VIDEO: Save Wild Salmon demonstrators march in Campbell River

Protesters marched in downtown Campbell River against fish farms in coastal waters. Photo by Marc Kitteringham, Campbell River Mirror
Protesters marched in downtown Campbell River against fish farms in coastal waters. Photo by Marc Kitteringham, Campbell River Mirror
Laichkwiltach Nation Hereditary Chief George Quocksister Jr. spoke at the MOWI office in downtown Campbell River. Photo by Marc Kitteringham, Campbell River Mirror
The march took up one lane of the Island Highway between the Discovery Harbour Shopping Centre and Robert Ostler Park. Photo by Marc Kitteringham, Campbell River Mirror
The march was led by First Nations leaders. Photo by Marc Kitteringham, Campbell River Mirror
The Canadian Orca Rescue Society also joined in the march. Photo by Marc Kitteringham, Campbell River Mirror.
An inflatable orca arrives at the Cermaq office in downtown Campbell River. Photo by Marc Kitteringham, Campbell River Mirror
Laichkwiltach Nation Hereditary Chief George Quocksister Jr. spoke at the Cermaq office in downtown Campbell River. Photo by Marc Kitteringham, Campbell River Mirror
Msugamgw Hereditary Chief Bill Wilson speaks about salmon farming in front of the Cermaq office in downtown Campbell River. Photo by Marc Kitteringham, Campbell River Mirror
Demonstrators held signs to protest fish farming in coastal waters. Photo by Marc Kitteringham, Campbell River Mirror
Marchers went from the MOWI office to the Cermaq office to protest against fish farming. Photo by Marc Kitteringham, Campbell River Mirror.

The sound of drumming and chanting was heard in downtown Campbell River on Saturday, as marchers took to the streets in to remind the federal government of it’s promise to remove fish farms from the B.C. coast.

The march was led by Laichkwiltach Hereditary Chief George Quocksister Jr. He told the Mirror that the reason for the march was to “show the light to Justin Trudeau and the Fisheries Minister to keep their promise and take the fish farms out September 30. They have not proven that they’re not killing off the wild stock baby salmon and all the other baby wild stock fish.”

The action was part of a larger movement of 100 B.C. First Nations who are calling for action on fish farming in the province. The protests are coming now because under a report by the Cohen Commission, the department of fisheries and oceans has until the end of September to prove that fish farms do not pose more than a small risk to wild stocks in the area.

READ MORE: Conservation group challenges sustainable-certification claims of B.C. fish farm operator

‘Unprecedented’ coalition demands end to B.C. salmon farms

“Everybody around the world can see what’s going on out there, so Justin Trudeau and the fisheries minister have to keep their promise. This is ridiculous,” Quocksister said. “They’re killing off people’s livelihood, food source and everything in the B.C. Coastal Waters. These are going to become ghost towns if the salmon ain’t there. Orcas are starving, grizzly bears are starving, everything’s starving, our people are starving. We have not had food fish for seven years now.”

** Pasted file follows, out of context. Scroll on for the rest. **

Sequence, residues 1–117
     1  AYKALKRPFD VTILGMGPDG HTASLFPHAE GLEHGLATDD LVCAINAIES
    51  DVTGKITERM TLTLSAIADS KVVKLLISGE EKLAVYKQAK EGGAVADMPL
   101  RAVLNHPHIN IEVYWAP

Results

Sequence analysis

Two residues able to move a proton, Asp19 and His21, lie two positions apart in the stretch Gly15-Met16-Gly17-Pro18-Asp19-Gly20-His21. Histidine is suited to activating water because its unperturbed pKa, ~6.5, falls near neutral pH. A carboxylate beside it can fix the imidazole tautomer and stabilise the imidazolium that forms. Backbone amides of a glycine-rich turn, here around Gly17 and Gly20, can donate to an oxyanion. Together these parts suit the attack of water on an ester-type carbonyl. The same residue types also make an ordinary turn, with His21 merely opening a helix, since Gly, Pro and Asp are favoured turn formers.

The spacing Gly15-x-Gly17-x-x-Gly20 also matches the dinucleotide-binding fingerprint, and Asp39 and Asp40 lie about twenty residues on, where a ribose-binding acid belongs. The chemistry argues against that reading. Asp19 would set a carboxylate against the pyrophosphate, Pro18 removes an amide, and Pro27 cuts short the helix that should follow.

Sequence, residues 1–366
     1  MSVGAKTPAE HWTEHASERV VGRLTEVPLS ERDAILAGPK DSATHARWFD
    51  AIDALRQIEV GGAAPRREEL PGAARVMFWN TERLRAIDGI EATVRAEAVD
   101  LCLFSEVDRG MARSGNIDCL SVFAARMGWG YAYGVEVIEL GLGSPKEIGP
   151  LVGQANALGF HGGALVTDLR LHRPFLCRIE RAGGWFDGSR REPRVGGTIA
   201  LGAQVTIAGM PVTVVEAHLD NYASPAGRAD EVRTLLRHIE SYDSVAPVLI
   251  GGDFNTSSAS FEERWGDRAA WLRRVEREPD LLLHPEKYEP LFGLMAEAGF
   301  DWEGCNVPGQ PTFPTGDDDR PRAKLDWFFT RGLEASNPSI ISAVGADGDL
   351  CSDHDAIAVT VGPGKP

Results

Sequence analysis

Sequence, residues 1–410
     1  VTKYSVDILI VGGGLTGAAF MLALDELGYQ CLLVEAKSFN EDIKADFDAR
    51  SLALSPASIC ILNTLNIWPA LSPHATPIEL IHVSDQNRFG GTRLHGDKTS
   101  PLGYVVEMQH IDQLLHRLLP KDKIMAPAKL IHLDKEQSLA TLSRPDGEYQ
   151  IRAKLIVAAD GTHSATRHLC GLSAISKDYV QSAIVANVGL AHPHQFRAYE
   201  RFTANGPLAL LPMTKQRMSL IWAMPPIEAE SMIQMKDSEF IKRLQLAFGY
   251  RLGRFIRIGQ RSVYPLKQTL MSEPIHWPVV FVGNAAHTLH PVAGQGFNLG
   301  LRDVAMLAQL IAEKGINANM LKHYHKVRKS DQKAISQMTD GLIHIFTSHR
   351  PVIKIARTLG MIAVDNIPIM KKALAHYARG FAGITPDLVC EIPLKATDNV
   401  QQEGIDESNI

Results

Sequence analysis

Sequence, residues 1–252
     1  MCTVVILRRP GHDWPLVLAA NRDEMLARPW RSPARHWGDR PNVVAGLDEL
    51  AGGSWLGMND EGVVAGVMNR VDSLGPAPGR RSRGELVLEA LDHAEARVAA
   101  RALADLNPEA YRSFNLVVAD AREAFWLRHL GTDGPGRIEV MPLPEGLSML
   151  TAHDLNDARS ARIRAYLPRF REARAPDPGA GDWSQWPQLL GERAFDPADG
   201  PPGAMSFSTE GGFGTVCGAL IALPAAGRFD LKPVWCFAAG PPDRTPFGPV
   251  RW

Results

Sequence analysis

“Twenty years ago we had runs of 70 million sockeye up the Fraser, this year we have 30,000. It’s not just climate change, it’s not just over-fishing. These fish farms have been in the water for 30 years,” added Gregg Wilson from the Canadian Orca Rescue Society. “That’s why we’re out here, to support First Nations for their right to say what goes on in their territorial waters.”

The Cohen Commission report came out in 2012, with a number of recommendations to help secure the future of Sockeye salmon in the Fraser River. In its September 2019 update on the recommendations of that report, DFO wrote that “If scientific research indicates that net-pen salmon farms in the Discovery Islands pose more than a minimal risk of serious harm to the health of migrating Fraser River sockeye salmon, salmon farms in the Discovery Islands will be required to cease operations.”

READ MORE: Salmon farmers put brave face on chilling report

The deadline for that scientific research is Sept. 30, 2020.

The march started near the Mowi office in downtown and made its way down Island Highway to the Cermaq office. Mowi and Cermaq are two companies who run fish farms in the coastal waters of B.C. Over 30 people from Campbell River, local First Nations and surrounding communities came down to participate. The march was timed to coincide with other similar events up and down the coast.

READ MORE: Anti-salmon farm protesters rally outside DFO offices

Self-reported B.C. fish farm data showed 14 farms with violating levels of lice

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